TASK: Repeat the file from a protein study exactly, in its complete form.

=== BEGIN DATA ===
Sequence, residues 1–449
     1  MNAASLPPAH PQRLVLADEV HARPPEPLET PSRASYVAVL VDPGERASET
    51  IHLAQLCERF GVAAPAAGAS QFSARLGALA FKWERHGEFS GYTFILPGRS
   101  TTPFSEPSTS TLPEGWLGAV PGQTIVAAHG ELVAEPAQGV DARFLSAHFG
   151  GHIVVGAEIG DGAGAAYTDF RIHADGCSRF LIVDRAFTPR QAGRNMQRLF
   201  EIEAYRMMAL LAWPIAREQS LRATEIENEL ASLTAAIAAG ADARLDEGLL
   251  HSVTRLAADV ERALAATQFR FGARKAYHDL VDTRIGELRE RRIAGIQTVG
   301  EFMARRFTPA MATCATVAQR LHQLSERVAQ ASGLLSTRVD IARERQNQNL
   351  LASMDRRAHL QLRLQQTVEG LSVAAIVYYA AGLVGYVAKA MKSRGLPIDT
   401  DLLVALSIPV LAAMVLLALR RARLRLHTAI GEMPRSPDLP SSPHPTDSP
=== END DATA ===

Sequence, residues 1–449
     1  MNAASLPPAH PQRLVLADEV HARPPEPLET PSRASYVAVL VDPGERASET
    51  IHLAQLCERF GVAAPAAGAS QFSARLGALA FKWERHGEFS GYTFILPGRS
   101  TTPFSEPSTS TLPEGWLGAV PGQTIVAAHG ELVAEPAQGV DARFLSAHFG
   151  GHIVVGAEIG DGAGAAYTDF RIHADGCSRF LIVDRAFTPR QAGRNMQRLF
   201  EIEAYRMMAL LAWPIAREQS LRATEIENEL ASLTAAIAAG ADARLDEGLL
   251  HSVTRLAADV ERALAATQFR FGARKAYHDL VDTRIGELRE RRIAGIQTVG
   301  EFMARRFTPA MATCATVAQR LHQLSERVAQ ASGLLSTRVD IARERQNQNL
   351  LASMDRRAHL QLRLQQTVEG LSVAAIVYYA AGLVGYVAKA MKSRGLPIDT
   401  DLLVALSIPV LAAMVLLALR RARLRLHTAI GEMPRSPDLP SSPHPTDSP